We are striving to obtain full Internet connectivity for each of our servers. With improved speed of communication and more accessibility to information, the Net could be even more useful.
We need to train users to prepare documents for the Internet. We want to offering the World Wide Web as a transnational platform for publication purposes. One idea we have is to use it to help publicize requests of aid for the reconstruction of region.
Additionally, we will be setting up more servers in the region, for example in Mostar and other divided cities. We want to use them as a way of connecting people from all sides of the divisions.
Despite the great use of quick electronic communication in war zones, it could be even more influential if it were used intensively before the war begins. We need to act on the causes of the tension before destruction begins. With the help of quick and intensive communications among a groups of experts, it could be possible to act in areas of growing tension before they explode around us. The war in former Yugoslavia (to name just one example) clearly has involved many people at a distance from the actual site of the event. All too often, we see the politicians, the diplomats, the media, and others reacting to what has happened rather acting to prevent further or more catastrophic disasters.
Easy access to many different sources of information about the same events can help observers to better understand what is happening there.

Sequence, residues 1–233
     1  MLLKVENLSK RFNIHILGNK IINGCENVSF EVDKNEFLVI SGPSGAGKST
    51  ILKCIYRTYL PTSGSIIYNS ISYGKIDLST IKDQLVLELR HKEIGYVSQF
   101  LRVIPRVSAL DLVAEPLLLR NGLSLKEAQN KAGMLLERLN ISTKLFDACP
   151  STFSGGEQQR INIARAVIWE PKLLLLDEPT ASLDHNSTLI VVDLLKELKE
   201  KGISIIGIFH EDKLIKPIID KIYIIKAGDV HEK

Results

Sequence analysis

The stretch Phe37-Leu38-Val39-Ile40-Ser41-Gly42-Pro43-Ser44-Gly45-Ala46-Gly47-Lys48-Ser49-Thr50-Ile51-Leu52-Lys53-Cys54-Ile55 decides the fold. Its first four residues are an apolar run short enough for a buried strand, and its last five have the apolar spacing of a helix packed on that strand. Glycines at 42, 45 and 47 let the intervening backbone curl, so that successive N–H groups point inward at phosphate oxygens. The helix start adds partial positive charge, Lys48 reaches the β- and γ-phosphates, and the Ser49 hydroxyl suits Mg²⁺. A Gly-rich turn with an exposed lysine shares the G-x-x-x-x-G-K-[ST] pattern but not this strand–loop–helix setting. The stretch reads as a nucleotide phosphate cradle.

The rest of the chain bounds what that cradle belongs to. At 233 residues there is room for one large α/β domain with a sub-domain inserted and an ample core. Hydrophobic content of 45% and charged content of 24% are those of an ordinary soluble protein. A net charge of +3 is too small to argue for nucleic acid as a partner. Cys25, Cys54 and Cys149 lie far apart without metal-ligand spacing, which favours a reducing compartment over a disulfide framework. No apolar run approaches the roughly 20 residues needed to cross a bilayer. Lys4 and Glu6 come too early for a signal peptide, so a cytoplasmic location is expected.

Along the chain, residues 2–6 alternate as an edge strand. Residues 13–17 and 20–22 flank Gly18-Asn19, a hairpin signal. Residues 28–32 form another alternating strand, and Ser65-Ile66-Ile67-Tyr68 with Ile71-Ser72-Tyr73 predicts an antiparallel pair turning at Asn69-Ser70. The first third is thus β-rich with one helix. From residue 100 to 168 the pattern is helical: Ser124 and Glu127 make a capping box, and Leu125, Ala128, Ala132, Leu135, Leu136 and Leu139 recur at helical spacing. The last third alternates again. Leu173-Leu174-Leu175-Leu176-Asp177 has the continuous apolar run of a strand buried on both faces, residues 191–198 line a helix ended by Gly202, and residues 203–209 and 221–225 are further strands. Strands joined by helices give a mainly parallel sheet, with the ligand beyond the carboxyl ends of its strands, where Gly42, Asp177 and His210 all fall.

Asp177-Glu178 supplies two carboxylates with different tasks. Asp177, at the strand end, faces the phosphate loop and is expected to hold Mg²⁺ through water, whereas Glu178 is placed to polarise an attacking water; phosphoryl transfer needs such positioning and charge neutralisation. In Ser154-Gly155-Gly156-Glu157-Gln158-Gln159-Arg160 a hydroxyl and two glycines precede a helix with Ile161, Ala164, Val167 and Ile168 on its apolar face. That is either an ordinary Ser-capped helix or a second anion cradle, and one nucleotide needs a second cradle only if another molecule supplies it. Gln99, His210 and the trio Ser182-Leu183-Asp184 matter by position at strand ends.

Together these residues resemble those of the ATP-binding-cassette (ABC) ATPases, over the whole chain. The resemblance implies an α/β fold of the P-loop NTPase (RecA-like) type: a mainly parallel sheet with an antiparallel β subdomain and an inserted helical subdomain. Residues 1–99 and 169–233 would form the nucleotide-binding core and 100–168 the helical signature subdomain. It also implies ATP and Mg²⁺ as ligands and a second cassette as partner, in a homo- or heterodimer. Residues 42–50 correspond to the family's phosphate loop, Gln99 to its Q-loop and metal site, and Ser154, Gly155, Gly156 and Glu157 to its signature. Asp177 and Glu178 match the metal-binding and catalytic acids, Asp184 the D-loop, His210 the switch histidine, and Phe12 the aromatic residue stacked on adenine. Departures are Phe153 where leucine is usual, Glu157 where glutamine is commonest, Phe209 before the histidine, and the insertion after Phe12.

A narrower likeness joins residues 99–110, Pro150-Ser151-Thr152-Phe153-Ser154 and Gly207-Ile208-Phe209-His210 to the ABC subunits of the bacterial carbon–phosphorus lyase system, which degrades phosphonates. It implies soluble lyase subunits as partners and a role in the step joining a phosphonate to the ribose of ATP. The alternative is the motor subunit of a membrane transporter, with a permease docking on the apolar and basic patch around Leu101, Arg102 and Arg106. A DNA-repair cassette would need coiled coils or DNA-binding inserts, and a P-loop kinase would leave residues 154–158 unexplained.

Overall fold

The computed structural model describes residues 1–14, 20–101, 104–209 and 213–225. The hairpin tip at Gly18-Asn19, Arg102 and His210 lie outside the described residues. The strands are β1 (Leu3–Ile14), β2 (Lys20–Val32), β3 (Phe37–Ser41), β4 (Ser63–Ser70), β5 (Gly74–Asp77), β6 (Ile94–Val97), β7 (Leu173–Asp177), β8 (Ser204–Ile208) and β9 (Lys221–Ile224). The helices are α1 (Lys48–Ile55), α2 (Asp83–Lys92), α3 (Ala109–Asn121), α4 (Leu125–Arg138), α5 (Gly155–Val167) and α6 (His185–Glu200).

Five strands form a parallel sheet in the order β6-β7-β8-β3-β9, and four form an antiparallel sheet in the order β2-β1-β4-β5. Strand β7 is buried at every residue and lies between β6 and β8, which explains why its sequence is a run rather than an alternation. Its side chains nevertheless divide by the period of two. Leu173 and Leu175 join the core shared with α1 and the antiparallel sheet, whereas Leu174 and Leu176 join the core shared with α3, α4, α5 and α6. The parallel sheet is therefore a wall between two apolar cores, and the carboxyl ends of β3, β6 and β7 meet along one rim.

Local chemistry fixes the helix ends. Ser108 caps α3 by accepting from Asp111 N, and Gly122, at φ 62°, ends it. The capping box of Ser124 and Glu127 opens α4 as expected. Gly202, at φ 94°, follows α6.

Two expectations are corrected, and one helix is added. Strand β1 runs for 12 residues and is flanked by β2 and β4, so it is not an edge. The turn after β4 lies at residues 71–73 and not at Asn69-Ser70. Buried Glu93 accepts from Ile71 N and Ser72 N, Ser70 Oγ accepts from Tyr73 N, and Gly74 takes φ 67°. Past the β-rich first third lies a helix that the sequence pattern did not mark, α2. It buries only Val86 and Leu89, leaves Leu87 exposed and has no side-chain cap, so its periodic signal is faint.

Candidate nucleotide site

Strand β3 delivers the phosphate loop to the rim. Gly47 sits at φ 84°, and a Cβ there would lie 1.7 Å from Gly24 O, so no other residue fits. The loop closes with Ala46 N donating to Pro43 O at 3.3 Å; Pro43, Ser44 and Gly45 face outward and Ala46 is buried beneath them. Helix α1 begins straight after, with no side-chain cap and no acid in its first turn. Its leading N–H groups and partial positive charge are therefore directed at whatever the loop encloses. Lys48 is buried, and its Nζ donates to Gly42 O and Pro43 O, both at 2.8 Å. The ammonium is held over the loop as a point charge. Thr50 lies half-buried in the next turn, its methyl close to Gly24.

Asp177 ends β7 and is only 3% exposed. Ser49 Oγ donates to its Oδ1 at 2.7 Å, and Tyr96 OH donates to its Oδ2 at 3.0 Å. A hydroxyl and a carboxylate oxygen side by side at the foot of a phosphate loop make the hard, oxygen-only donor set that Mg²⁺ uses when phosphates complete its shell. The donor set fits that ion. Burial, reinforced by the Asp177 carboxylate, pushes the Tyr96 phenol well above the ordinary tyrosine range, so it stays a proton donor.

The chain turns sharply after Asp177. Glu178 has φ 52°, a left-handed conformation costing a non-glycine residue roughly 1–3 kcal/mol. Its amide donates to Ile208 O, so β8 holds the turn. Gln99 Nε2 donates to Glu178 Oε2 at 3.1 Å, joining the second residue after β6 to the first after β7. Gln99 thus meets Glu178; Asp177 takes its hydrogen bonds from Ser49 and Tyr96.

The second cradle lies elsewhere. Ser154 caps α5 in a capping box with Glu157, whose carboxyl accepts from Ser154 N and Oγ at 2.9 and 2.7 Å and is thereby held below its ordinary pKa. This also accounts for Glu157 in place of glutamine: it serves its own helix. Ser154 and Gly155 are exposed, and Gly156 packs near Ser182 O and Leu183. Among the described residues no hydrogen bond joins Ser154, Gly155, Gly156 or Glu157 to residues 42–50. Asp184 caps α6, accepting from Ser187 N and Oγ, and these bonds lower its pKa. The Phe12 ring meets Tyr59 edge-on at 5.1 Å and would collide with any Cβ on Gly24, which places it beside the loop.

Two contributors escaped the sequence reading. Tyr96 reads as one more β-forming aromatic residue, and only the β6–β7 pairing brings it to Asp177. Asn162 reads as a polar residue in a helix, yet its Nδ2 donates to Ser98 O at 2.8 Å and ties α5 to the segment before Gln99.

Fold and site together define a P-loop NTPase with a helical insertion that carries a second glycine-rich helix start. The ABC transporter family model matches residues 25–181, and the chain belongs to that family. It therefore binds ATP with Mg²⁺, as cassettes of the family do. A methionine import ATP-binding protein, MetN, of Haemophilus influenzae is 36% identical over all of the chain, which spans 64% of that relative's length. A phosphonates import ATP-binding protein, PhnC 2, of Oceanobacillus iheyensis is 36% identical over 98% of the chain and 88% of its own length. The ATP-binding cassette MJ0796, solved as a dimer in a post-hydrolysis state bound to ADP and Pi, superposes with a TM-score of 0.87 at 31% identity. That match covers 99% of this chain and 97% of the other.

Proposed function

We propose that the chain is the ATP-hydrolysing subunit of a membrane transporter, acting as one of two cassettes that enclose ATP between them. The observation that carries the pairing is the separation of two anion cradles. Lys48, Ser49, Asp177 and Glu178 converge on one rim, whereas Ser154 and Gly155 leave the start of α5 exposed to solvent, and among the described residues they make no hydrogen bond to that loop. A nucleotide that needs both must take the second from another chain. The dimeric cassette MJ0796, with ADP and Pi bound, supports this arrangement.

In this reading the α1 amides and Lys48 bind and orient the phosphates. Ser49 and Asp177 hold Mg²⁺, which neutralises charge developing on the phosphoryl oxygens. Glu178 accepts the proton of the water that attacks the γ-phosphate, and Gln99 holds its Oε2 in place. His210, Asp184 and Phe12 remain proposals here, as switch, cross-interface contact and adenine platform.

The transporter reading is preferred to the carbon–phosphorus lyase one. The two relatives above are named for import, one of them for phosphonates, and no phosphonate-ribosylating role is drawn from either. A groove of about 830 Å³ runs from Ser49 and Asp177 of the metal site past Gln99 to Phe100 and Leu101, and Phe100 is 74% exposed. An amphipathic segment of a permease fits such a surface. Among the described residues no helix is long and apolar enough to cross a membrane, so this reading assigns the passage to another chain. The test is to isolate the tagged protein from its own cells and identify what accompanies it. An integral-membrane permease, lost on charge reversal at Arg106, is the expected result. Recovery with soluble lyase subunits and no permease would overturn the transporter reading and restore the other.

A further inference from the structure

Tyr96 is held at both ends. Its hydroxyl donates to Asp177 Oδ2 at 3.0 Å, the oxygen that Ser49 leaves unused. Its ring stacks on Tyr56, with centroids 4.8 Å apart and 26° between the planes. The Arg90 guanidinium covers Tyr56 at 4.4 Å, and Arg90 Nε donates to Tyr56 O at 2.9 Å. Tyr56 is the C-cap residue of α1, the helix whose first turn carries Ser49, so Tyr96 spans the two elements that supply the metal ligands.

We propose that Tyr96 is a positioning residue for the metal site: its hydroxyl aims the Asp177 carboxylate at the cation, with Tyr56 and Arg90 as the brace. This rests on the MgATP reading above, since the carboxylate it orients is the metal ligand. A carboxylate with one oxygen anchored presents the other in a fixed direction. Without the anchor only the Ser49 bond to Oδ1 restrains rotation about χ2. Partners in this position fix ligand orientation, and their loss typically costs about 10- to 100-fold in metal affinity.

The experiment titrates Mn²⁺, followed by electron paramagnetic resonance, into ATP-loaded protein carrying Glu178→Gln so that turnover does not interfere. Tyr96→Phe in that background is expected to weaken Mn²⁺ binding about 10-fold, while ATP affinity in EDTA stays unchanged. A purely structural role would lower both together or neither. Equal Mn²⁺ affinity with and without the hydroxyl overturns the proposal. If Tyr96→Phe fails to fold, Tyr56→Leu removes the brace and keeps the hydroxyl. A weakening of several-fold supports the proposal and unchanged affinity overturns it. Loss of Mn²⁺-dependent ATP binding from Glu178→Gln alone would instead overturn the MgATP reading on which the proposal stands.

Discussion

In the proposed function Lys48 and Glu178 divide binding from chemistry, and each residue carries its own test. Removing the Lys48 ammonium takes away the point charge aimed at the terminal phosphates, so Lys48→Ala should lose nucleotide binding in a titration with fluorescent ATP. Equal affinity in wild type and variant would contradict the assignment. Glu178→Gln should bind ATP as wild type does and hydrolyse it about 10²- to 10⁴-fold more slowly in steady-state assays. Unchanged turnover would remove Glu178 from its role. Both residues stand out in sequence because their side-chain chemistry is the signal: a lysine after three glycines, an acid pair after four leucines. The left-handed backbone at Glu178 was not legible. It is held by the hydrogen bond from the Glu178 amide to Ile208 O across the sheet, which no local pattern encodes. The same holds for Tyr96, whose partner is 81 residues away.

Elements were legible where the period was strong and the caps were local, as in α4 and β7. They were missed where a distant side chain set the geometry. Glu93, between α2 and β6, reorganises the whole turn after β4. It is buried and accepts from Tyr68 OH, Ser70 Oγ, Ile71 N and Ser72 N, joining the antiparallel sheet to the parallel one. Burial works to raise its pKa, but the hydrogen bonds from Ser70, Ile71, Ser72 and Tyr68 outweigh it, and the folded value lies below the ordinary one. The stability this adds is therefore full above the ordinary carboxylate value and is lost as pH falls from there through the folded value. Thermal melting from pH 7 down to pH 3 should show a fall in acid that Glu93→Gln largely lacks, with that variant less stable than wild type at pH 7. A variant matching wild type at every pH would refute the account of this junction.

Direct people-to-people exchanges can help to further understanding among people from different sides of a conflict.
More and easier access to information can help to prevent an information monopoly of the better informed.
The Net could also be used to help connect local observers (political, sociological, and others) with international experts to analyze changing situations to be aware of growing tension and to enable people and diplomats to be able to act before a hot spot turns into a war.
The Internet could be the tool which enables real time consulting by experts spread all over the world. The information and ideas thus collected could be easily made available to thousands and millions of people everywhere. The openness and speed of the Net can become strong allies for social movements that are trying to stop and prevent many of the atrocities in this, our one and only world.
This new form of public media can be a very useful to help us develop better world. Of course, it depends upon all of us and how we are going to use it.
email@example.com (or at any of the other ZTN servers)
Member of the Association for Progressive Communication (APC)
Zamir (for peace) is an electronic mail network in the geographical region of former Yugoslavia especially dedicated to helping peace-oriented people and groups, humanitarian organizations, NGOs, and the independent media to improve their communication possibilities. The network is open to all who want to use it.
Even though it is a time of war, where hate and fear abound, there are people and groups to be found who are working for a more peaceful society. In spite of what is happening, they are concerned about human rights; they are working toward a free flow of information; they are developing skills in nonviolent conflict resolution; or they are publicly opposing all forms of military activities. This network was created especially to support such work. Without good communications, it is not possible to work for better understanding among people nor is it possible to dismantle prejudices based on misinformation.